Need Advice

So I am trying to decide how to tell my wife, that I no longer believe in Christianity.  That I no longer believe in the divine inspiration and authority of the Bible.

Let me give a little contextual background on my Wife and Me.

With certainty I can tell you, we are not casual Christians and we are not cultural Christians.  The Bible is not just some book or hobby to us.  It has authority over our lives.  God is not just something to do, on a Sunday Morning.  Our faith, Our God, and Our Bible is a fundamental cornerstone for our marriage and our relationship and we how we plan to raise our children.

If I was to ask My wife, what was the one quality you loved about me the most; she would respond my relationship with Christ and God.  (And I would give the same answer likewise if she asked it.)

So, in the last several months, I have tried to drop hints to my wife about my doubt just to gauge her reaction.  And I can tell you, it has NOT been a positive retort.

I remember back in February I brought up the topic, of the possibility of the pre-adamite theory and the possibly of their being two creation stories.  I can tell you it did not go over well.  She adamantly and feverishly asserted, that Adam and Eve were the first two people and that there is no two creation theory.  The argument got so intense, we had to discontinue it.

Here are a few things just to show how ingrained our faith is in our life:  We have gone door-to-door in our neighborhood trying to witness to our neighbors; My Wife has actually gone on-line and ordered christian tracts to pass out to stranger;  All of our friends are Christian in fact one of our close friends is a Pastor of a church (Which we do not attend.);  and lastly this Weekend coming up, we are hosting a college reunion potluck for our old college friends from the ministry we were in.

I once asked her in a scenario question, which would bother/upset her more:

  • Me being Gay or
  • Me Cheating and having a full-blown out affair or
  • Me becoming an atheist or

Her answer and response were not reassuring of me expressing my doubts.  However the good thing is, when I asked her again with an expanded selection of options, this time atheist did not come out worst….Child Molester did.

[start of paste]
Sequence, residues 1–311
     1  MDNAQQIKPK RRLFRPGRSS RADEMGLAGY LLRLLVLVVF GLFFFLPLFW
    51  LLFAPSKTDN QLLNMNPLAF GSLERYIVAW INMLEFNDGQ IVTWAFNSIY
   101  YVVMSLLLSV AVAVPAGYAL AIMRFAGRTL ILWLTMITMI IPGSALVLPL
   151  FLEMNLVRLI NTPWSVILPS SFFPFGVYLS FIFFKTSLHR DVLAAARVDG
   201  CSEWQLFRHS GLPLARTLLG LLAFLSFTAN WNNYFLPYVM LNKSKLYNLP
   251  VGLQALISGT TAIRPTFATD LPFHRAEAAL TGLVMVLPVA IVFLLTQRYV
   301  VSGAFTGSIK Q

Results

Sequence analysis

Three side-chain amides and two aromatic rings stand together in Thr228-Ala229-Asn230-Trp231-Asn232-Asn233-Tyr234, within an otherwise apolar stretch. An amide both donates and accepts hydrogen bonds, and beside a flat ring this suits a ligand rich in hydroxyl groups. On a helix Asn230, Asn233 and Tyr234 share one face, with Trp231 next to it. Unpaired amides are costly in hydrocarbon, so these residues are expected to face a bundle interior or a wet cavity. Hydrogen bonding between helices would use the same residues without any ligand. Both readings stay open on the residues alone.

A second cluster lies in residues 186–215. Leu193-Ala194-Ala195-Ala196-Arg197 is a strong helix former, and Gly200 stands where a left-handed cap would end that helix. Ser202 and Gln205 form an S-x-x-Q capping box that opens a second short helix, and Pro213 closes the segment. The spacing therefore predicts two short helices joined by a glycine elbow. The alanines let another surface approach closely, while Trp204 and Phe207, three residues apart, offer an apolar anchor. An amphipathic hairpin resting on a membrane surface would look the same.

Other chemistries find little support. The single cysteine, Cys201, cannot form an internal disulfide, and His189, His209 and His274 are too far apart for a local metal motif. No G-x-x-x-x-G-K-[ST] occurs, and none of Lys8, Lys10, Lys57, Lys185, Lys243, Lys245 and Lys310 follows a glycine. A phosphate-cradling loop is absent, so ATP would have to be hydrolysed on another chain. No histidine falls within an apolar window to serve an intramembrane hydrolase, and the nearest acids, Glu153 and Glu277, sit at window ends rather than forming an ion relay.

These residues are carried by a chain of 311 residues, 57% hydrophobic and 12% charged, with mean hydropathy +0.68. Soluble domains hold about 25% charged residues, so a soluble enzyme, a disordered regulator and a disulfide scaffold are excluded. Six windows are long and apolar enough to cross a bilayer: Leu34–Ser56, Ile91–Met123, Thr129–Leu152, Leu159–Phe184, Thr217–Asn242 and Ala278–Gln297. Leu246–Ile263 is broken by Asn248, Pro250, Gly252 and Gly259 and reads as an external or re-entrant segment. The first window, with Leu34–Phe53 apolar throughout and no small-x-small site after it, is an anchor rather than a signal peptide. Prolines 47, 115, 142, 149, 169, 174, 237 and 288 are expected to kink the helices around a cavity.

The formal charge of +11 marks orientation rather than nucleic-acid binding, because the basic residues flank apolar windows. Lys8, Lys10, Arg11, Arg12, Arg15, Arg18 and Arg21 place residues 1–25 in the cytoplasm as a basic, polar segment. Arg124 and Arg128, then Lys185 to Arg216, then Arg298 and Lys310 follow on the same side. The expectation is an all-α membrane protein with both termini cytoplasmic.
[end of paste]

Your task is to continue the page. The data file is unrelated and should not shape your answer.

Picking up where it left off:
In perspective, our faith is simply not just a religion to us; it’s really the basis of all our decisions.

I want to tell her next week, but I’m still trying to decide which the best way to go about this:

  • My sister says to just sit down with her, let her know how much I love her, and then let the rest flow.
  • I’ve seen some people write a letter or an e-mail
  • Nate from the Finding Truth Blog, wrote like a 40-50 page thesis on the flaws of the Bible and Christianity
  • I’ve considered writing her a letter on the blog, and just directing her to the blog, so she could see what been on my mind over the last few months.
  • A Video that outlines everything
  • Or maybe some combination of the options

About M. Rodriguez

When I first received Christ salvation, I made it a priority to read the whole bible and I did. But it was the Bible that made me question my faith. For I found it flawed and lacking. Due to this I launched a personal inquiry/investigation into my faith, and ultimately realized that the Christian God of the Bible was indeed man-made. Now I Blog about those findings and life after Christ.
This entry was posted in atheist, emotions, god, life, reason, unbelief and tagged , , . Bookmark the permalink.

29 Responses to Need Advice

  1. limey says:

    Touch choices. I think you’ll get differing opinions depending on the biases of others :-).

    My opinion is I think face to face is better, maybe somewhere other than home, go for a walk somewhere.

    On my journey, I delayed telling my wife for 3 years and even then only did so when faced with a situation where I had to. I’m not convinced that is the right tactic, but for me it worked and I discovered that my wife already suspected.

    Reading about your situaion though, I think you and your wife are in deeper than my wife and I were/are, which can only make it harder.

    is there a way you can break it down into chunks rather than give it all in one go. Like with this Youth Pastor role, maybe take the line that you don’t think its apropriate for you now? Hmmm, that sounds a little like deception through omission.

  2. Jack says:

    If she’s as committed to her faith as you say she is, she’s gonna be hurt and disappointed, but she’s also going to continue to love you. IMHO, if she truly loves the relationship she has to her Lord, her church, and he Bible, she’s going to be open to discussion. She’s going to want to hear of your hurts and your struggles. She’s going to be patient, and compassionate.